So, right now, the plan is: cut some or all of that kidney out. The doc is going to put her head together with some other docs and see what the consensus is on the other weird stuff, and that’s going to determine whether they take out the whole kidney or just the part around the tumor. In general, from what the doc said, they like to remove as little as possible, but if it seems like the other stuff is going to be an issue, fuck it, let’s get the whole thing out. (I may be paraphrasing a little there.)

From her description of the alternatives, I’m actually kind of hoping for the “take it all!” route, because that can be done laparoscopically, which will make for a much easier recovery. If they decide to just take the tumor, I’ll have to be opened all the way up and will end up in the hospital for about a week.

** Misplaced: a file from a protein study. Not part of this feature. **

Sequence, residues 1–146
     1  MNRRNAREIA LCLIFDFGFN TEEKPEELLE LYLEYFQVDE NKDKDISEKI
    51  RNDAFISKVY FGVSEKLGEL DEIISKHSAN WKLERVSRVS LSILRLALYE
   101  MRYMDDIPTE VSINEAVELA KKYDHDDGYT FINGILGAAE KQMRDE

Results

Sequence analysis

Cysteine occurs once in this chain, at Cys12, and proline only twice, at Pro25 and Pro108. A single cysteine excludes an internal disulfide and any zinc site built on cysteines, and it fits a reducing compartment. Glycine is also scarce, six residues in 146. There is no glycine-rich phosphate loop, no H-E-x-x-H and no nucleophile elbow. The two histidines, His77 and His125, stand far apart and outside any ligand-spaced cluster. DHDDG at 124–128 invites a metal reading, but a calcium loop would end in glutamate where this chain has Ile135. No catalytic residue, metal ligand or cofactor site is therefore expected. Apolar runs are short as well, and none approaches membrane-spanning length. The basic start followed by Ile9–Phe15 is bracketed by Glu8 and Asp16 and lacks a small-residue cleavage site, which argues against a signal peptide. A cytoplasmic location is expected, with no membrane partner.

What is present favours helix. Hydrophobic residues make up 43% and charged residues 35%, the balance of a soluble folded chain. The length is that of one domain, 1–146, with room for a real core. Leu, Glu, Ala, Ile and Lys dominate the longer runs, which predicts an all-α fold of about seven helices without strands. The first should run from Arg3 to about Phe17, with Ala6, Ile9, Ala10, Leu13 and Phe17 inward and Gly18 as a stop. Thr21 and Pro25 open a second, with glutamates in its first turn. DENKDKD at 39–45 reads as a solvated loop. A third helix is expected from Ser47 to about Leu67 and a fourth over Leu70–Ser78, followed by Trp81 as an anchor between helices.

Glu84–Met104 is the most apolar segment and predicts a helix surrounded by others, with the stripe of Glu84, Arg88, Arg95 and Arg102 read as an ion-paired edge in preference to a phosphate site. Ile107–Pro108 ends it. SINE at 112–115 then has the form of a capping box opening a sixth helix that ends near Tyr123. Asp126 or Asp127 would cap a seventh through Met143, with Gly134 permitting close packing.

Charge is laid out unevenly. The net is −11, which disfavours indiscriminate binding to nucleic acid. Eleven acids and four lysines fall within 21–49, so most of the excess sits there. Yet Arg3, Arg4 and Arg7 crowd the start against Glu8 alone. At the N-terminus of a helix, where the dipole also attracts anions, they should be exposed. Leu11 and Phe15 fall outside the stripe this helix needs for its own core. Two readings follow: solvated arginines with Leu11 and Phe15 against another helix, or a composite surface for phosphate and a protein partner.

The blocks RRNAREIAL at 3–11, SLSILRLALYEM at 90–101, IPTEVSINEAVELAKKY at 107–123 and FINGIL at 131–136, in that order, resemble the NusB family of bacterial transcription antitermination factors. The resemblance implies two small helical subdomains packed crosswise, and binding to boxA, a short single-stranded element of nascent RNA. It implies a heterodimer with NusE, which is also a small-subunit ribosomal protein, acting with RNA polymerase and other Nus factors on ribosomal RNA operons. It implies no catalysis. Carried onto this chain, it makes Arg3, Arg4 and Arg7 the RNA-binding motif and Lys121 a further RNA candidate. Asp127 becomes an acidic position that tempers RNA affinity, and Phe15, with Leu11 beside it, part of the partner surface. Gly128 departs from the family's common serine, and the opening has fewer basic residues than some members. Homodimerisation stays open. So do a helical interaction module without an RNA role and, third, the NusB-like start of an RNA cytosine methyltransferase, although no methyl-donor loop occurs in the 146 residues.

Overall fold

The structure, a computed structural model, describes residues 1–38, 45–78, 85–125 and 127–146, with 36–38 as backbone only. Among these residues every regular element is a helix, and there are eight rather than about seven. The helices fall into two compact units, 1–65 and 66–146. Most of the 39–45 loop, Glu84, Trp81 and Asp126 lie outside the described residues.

So, obviously a shitty situation — but, looking on the bright side: this was completely unrelated to the issue with my inability to pee. The only reason it was caught was the ultrasound — and the only reason the ultrasound was done was because I happened to mention than an urgent care doc had said she was going to order one, so the urologist ordered it. She said normally, with my symptoms, she probably wouldn’t have bothered if I hadn’t mentioned it. The tumor is still pretty small (around 2.8 cM, which I guess is small as far as renal cell carcinomas go), which means the long-term survivability after removal is really good — 95-98%. This could have gone undetected for years, until I started pissing blood or something. So, while shitty, things could have worked out much, much worse.